The men in these four photos are lost, though I'm sure they knew where home was. But for the rest of us, their latitude and longitude are a mystery. This is the difficulty with unmarked photos and postcards. Sometimes there just aren't any clues. But the scarcity of facts doesn't diminish the artistic and musical quality of the subjects.
However I am fairly confident that these gents are all related.
These two young bandsmen have cap badges with initials LMB which might stand for L..... Marine Band, or L..... M....... Band. Anywhere over the rainbow. The eldest (?) on the right has a helicon tuba around his shoulder and the younger holds a cornet. The set of their ears, nose and jaw has to be a family trait. Their uniforms have a more conservative style without fancy needlework. The blank postcard back has the AZO 4 diamonds up stamp box which suggests a year between 1910-1918.
(Check out this page from Playle's Postcard Auctions for more information on dating old postcards.)
Their band uniforms have the very fancy embroidered jackets and soft caps that were popular with 19th century bands into the first decade of the 1900s. The older brother on the left has a silver mellophone with piston valves played with the right hand. Unlike the horn which must use a hand in the bell to adjust the pitch intonation, the mellophone player only holds the outside of the bell or main tubing.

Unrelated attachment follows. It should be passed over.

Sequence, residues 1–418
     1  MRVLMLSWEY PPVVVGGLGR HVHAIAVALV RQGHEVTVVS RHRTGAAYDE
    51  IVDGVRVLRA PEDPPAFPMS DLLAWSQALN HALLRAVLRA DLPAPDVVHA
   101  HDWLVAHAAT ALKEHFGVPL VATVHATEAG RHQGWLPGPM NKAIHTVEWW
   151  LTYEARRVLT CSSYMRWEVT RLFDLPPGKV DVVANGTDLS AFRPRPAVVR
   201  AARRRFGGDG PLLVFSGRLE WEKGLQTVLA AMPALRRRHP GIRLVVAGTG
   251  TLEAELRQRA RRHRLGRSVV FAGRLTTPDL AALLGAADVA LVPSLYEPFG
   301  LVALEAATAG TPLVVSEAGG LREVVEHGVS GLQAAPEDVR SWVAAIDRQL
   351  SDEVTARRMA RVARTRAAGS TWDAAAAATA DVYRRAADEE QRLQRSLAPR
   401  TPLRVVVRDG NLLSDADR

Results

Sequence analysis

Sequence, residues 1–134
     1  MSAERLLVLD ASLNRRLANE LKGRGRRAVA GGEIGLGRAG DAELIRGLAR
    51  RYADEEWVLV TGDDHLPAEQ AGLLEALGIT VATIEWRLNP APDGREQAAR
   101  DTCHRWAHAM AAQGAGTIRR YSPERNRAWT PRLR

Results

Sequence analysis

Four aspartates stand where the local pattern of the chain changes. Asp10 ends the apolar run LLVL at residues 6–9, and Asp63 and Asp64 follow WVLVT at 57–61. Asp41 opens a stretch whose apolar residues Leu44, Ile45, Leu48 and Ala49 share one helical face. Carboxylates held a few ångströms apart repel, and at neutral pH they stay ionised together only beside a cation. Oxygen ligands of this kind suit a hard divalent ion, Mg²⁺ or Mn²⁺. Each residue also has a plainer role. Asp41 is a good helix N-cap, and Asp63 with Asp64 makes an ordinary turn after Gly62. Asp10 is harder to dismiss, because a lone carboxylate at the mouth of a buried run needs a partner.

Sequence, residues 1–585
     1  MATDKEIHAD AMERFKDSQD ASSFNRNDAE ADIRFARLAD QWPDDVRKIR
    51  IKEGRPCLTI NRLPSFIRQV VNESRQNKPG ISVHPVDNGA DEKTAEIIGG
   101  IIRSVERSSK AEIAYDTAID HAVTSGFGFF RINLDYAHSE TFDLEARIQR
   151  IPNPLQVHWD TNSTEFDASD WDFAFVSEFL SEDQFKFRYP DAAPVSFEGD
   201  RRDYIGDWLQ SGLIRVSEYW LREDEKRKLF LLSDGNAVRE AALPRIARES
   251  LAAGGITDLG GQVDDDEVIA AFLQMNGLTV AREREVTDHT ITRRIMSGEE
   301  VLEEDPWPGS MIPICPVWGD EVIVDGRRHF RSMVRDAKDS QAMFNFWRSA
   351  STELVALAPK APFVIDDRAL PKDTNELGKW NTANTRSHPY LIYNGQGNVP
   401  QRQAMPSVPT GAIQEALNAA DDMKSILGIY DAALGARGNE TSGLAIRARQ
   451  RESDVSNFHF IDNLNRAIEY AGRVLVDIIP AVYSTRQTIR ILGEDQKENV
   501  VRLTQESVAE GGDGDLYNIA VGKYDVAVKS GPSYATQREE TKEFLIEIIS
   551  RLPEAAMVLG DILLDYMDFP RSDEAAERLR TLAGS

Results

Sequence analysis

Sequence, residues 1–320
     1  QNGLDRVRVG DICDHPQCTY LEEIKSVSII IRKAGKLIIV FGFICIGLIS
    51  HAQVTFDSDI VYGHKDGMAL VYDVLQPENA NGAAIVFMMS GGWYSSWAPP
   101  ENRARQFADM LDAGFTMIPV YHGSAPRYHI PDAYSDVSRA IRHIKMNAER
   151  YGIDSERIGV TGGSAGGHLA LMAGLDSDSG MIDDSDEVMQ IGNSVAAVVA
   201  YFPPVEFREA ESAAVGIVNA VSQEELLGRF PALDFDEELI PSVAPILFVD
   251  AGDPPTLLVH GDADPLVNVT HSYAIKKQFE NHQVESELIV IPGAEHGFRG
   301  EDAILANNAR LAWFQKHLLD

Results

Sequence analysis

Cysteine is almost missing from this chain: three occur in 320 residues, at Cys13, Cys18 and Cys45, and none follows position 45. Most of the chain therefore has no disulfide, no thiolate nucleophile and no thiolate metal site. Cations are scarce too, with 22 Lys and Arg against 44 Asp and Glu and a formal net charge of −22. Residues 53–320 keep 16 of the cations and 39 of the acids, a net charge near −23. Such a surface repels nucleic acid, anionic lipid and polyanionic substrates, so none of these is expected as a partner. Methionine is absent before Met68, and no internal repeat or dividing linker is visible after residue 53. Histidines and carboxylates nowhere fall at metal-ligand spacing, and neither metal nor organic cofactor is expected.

The other instrument is a silver valve trombone, but pitched higher, i.e. shorter, than the standard tenor trombone. Both were standard brass instruments in the early bands, as they were inexpensive and not too difficult to play. They took the middle voice in the music, usually playing more accompaniment than solo lines. Both instruments were a kind of evolutionary dead end in the history of the brass band, and are now extinct. Compare these fellows to another unknown Drum and Mellophone-duo in my collection.
Look at the vegetation in the background and the construction of the house. This is not somewhere in Kansas. Bamboo grows in many places in Asia but because of the Philippine-American War that followed the Spanish-American War of 1898, I think these two bandsmen are musicians in one of the US regimental bands that served in the Philippines.
And to complete my octet of brothers I offer these two gents. Not musicians as they hold canes instead of instruments, but we can easily imagine them in a music hall. A comedy team perhaps?
This small cdv came from England but has no markings. The photo mount has gold edging so I think 1890s. But the brick wall could be on any street in Britain.
Charlie Chaplin was born in London in 1889. Did he see these two taking a stroll down some seaside promenade?
This is my contribution to Sepia Saturday
where the theme this weekend is a pair of ladies.
Click the link to find more matched sets.